I'm out of education as well. Although, hoping to return in the fall

    Why Italian? Of all the cool languages, sounds, cultures, what motivates you to make a commitment to this one? And what reward - what pay-off - will you get for doing it? Make sure you know that before you undertake your journey.

    Second, I would recommend that you take a look at Assimil. When I was looking to learn German, I gave it a shot. It was quick (20mins a day), amusing, and relatively effortless for the rewards received. I learned more quickly than in my high school French classes, and with less effort. I haven't used it to explore Italian, but maybe it's the approach for you.

    Some resouces for you to investigate
    Assimil Italian on Amazon
    I think you may be able to try it free here

    I think you can do it There are different ways to learn and it's ok if classroom-based language learning doesn't work for you. Just find something and don't give up
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    (Original post by StrawbAri)
    This is so good and well written!
    I hope you achieve your goals! Good luck!

    I too am an aspiring polyglot. I'm learning French currently at AS level and I'm definitely going to carry on learning becasue I love the language so much! I am at about B1 in French (Probably B2 now since it's been a while since I took the test) and I only started learning properly exactly a year ago!
    I've encountered problems with my spoken French though because of my anxiety Communicating with native speakers can be difficult for me. Hopefully I can overcome this eventually.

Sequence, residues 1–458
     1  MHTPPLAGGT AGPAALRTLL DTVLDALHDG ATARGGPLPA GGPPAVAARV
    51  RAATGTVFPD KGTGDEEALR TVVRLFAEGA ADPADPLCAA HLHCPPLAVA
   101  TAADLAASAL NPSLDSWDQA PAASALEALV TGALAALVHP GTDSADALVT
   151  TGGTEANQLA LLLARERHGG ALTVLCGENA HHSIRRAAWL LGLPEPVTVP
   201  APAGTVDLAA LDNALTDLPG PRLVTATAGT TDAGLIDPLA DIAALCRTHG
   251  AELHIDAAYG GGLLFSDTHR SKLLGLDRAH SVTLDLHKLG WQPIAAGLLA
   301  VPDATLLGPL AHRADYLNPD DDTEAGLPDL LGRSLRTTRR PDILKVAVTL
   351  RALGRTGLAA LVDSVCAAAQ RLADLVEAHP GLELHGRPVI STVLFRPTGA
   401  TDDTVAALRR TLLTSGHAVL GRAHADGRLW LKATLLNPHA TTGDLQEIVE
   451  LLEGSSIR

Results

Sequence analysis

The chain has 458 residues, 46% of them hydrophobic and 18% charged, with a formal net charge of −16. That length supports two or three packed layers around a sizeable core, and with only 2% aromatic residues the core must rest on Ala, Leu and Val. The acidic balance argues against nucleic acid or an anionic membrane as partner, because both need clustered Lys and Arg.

Next on my list of languages to learn are Spanish and German
    I'm so very impressed! Can you tell me a few things?

    1. I'm assuming that if you're doing AS you did French at GCSE. When did you sit your B1 exam? After GCSEs? How did you prepare for it? Is there anywhere I can find past papers?

    2. I have the materials to take me for A-level French. On what rung of the CEFR scale do you think you'll be once you finish A-level?

    3. What is difficult for you when you try to communicate with native speakers? Is it listening, speaking, both, or neither? For me it's definitely listening comprehension, in French and Spanish. How did you achieve B1/B2 Listening? I'm really trying to watch a lot of Netflix in Spanish via VPN right now but I wonder if there's anything else I can do.

    Thanks for reading
    PS. It's important to me to lay a solid B2/C1 groundwork in Spanish over the next few months so that I can return to French and German. We're interested in many of the same languages; we should definitely share knowledge, approaches and resources!
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    Week 2 & 3 Review:

    Falling Off The Horse

    When your goal is to do something everyday, when you trip up once - nevermind more often - it can feel huge. One day passes, then the next; your inner perfectionist kicks in, and s/he starts focusing more on the fact that you messed up, than on the overall goals that got you started in the first place.

    For me, my Achilles Heel is travel. Changing time zones, jet lag, late nights, and a fuller schedule guards the door to my dreams like a dragon. I try to do battle but often, the challenge to my routine is too great.

    This post is a reminder to dust yourself off, pull up on the saddle, and get back on the horse. Rather than focusing on the days missed - and your perceived failure - re-focus on the goal. Commit to starting again, with wherever you left off as a new day one. Take this point as your point of departure.

    Finally, consider adjusting your goal. Have you included tasks and goals that would be nice to do, but are not essential to your larger goal at this time? If so, strip your goal down to its bare bones to win back time, and re-focus on the core of what it is you're trying to achieve.

    The goal is not perfect adherence to a routine; do not confuse the path to the goal as the goal itself. Like any other journey gone awry, just recommit to getting there, by whatever means you can.

    (For what this looks like in practice, see the next post.)
    (ETA: or not the next post... because my Evernote document wouldn't format nicely. TBC).
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    The Perils of Travel, Part II: